Monday, April 4, 2016
It IS kind of nice to sleep in when on vacation and think of the events and people in our lives. But we also have things to do and places to go when on vacation. We often find ourselves on a more strict schedule when traveling than we are when we're not!
I miss many things at this point in our vacation, which makes me a little sad. But I am also learning to appreciate those things more - those precious things I had one time taken for granted I am missing greatly right now.
My church family is something I am missing. Worshiping with like-minded brothers and sisters is a blessing to be cherished. Many people do not have that. In some countries people worship in private or not at all for fear of persecution or death. We should appreciate our ability to do so here.
I miss my friends at work too. Seeing them and talking with them every day is a blessing that I have often taken for granted.
Then this morning, amidst all the missing I was doing, I thought about two words that Jesus uttered on the cross, just before He died.
"28 After this, Jesus, knowing that all was now finished, said (to fulfill the Scripture), “I thirst.” - John 19:28
When we miss things don't we "thirst" for them? When our mouth is dry we thirst for water. When our hearts miss things don't we thirst for them as well? Then I wondered, "What was Jesus thirsty for? Was He thirsty for heaven? Was He thirsty to see His Father again? Was He thirsty to have the pain and suffering end? No. He was still fulfilling prophesy! Read this from Jesus.org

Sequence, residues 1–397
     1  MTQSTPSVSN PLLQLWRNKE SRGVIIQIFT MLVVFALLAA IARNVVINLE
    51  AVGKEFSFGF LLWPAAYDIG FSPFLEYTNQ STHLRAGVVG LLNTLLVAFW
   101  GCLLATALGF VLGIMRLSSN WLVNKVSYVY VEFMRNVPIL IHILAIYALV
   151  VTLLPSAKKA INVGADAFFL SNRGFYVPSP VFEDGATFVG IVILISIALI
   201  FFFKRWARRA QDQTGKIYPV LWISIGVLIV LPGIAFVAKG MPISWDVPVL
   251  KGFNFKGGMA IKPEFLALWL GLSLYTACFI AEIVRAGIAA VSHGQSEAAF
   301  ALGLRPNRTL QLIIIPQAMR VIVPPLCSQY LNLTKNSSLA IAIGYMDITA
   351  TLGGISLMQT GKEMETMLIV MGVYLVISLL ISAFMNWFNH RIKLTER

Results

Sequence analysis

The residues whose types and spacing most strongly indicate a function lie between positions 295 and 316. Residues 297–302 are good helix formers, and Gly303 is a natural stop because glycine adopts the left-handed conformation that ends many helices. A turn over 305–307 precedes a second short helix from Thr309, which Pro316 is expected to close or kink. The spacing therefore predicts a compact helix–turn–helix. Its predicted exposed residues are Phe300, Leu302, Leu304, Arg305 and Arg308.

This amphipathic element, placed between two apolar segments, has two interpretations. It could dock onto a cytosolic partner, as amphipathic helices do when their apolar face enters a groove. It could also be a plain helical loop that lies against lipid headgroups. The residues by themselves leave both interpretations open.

"In order to get the primary force of the fifth cross-utterance of Jesus, we must note its setting: "Jesus knowing that all things were now accomplished, that the scripture might be fulfilled, said, I thirst" (John 19:28). The reference is to Psalm 69 - a Messianic psalm that describes so graphically His passion. In it the spirit of prophecy had declared, "They gave me poison for food, and for my thirst they gave me sour wine to drink" (v. 21). This remained yet unaccomplished. The predictions of the previous verses had already received fulfillment. He had sunk in the "deep mire" (v. 2); He had been "hated without a cause" (v. 4); He had "borne reproach and shame" (v. 7); He had "become a stranger unto his brethren" (v. 8); He had become "a proverb" to His revilers, and "the song of the drunkards" (vv. 11, 12); He had "cried unto God" in His distress (vv. 17-20) - and now there remained nothing more than the offering him the drink of vinegar and gall, and in order to fulfill this he cried "I thirst."
How completely self-possessed the Savior was! He had hung on that cross for six hours and had passed through unparalleled suffering, yet His mind is clear and His memory unimpaired. He had before Him, with perfect distinctness, the whole truth of God. He reviewed the entire scope of Messianic prediction. He remembers there is one prophetic scripture unaccomplished. He overlooked nothing. What a proof is this that He was divinely superior to all circumstances!" - A.W. Pink
What did Jesus thirst for? He thirsted to obey His father in heaven. I wonder . . . shouldn't we be doing the same?
All Who Are Thirsty - Kutless